How to Get Out of Debt

Tips For Reducing Your Debt

When you are in debt, it seems like you are in a hole too deep to dig out of. That isn’t true, though you are going to have to practice discipline you might not be used to practicing.

Reducing your debt is a lot like losing weight, except in the reverse. You are going to have to bring in more money than you spend. If you don’t have new sources of income than when you ran up your debt, that means you are going to have to cinch your budgetary belt. That may not sound fun, but if you practice discipline for a little while, you can get out of your debt hole.

Here are some steps to reducing your debt.

Know the Damage

It might be painful to face up to the truth, but you need to know how bad it is. It’s natural for people in debt to ignore their problem in the short term, avoiding the unhappy truths and try to go on living as we did. But if you are going to start making changes, you have to know exactly how much debt you are going to have to wipe out.

So get out your credit card invoices, your tax statements and any other debt bills you might have. Add these up and figure out the full scope of your debt.

Stop Charging the Credit Cards

Cut up all but one or two of your credit cards. Before you start paying off your debts, you’re going to have to stop running up new debts. I generally suggest that people should get rid of all their cards, but it’s pretty common that people want to keep one or two “for an emergency”. This is fine if you mean it, but do not make frivolous charges on your credit card. If you do this, you aren’t going to get out of debt.

Plan to Pay Your Bills

Set up a plan to pay off your bills one at a time. There are two strategies for doing this. I would suggest choosing the one you prefer and setting up a payment plan according to it.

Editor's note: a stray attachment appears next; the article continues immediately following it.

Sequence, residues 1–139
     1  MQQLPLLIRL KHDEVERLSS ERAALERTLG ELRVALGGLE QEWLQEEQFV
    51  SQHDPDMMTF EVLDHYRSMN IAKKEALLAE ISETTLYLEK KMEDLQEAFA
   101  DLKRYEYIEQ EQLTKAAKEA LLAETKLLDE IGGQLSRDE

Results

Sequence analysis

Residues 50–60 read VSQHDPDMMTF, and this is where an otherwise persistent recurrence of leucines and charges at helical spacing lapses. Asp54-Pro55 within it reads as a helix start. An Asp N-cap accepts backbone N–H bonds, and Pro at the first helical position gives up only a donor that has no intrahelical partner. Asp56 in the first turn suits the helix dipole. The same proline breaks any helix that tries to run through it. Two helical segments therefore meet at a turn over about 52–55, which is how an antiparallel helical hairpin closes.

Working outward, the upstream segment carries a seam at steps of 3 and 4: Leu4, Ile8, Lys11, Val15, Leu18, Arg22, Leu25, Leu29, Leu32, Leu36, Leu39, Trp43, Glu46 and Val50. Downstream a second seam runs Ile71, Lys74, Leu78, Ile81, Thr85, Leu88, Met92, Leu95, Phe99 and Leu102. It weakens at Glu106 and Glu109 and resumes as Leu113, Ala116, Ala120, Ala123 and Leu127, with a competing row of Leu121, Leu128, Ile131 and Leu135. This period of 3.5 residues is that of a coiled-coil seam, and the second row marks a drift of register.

One, pay off the bills with the biggest interest rates first. This makes sense, because you eventually want to pay as little as you have to. So pay off the debts that require more interest payments early. Choose your plan according to this criterion.

Two, pay off the bills according to size. Pay off the smallest debts first. This is a form of debt consolidation. Soon, you’ll be seeing fewer bills every month and you will have fewer debtors reporting you as a debtor. You won’t have as many stressful moments in a month where you open another bill. This will help you repair your credit rating a little quicker, too.

Set a Goal

Figure out a time in the future when you will be debt free. This helps you keep your eye on the prize. When you feel the urge to go on a spending spree, remember that you have a goal you are attempting to reach. When you get down in the dumps about your financial situation, you’ll have the comfort of knowing it won’t always be this way.

Set a Realistic Goal

Make this a realistic goal, though. This may require a couple of years of retrenching before you’re out of debt. Don’t set yourself up for disappointment by being too optimistic. Now is the time to be open-eyed about what it’s going to take to end your debt woes.

Build a Bank Account

Once you are out of debt, try to build up your financial reserves. This way, the bank is paying you interest, instead of you paying interest to your creditors.

You learned financial discipline to get out of debt. Don’t forget those lessons as soon as the task is over. Sure, it might be time to loosen up a bit and live a little, but don’t begin the slide back into the ditch.

Practice some of that discipline and build up a cash reserve for emergencies and other onetime “big money” expenditures. This way, when something arises, you don’t have to place yourself in debt. You’ll live a much more carefree life if you are ahead of the game.

Tip: You may also consider taking steps to repair your credit by opening a secured credit card account. Also consider looking into government debt consolidation loans.

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